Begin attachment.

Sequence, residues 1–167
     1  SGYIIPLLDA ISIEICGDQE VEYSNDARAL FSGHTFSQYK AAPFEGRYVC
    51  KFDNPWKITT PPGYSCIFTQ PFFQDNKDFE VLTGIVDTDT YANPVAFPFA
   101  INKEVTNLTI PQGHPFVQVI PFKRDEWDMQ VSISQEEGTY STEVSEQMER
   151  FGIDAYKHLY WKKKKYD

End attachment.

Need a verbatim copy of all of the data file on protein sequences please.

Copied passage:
Sequence, residues 1–167
     1  SGYIIPLLDA ISIEICGDQE VEYSNDARAL FSGHTFSQYK AAPFEGRYVC
    51  KFDNPWKITT PPGYSCIFTQ PFFQDNKDFE VLTGIVDTDT YANPVAFPFA
   101  INKEVTNLTI PQGHPFVQVI PFKRDEWDMQ VSISQEEGTY STEVSEQMER
   151  FGIDAYKHLY WKKKKYD